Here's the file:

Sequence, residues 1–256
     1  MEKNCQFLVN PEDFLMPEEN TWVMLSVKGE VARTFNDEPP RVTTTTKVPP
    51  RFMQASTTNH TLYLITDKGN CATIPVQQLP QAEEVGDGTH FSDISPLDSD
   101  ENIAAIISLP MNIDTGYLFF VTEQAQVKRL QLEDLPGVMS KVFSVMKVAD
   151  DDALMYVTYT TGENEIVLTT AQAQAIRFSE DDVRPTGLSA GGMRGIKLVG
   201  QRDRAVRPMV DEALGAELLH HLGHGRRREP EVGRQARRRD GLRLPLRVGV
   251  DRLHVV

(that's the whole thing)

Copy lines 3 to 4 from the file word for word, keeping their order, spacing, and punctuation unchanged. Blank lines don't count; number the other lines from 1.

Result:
    51  RFMQASTTNH TLYLITDKGN CATIPVQQLP QAEEVGDGTH FSDISPLDSD
   101  ENIAAIISLP MNIDTGYLFF VTEQAQVKRL QLEDLPGVMS KVFSVMKVAD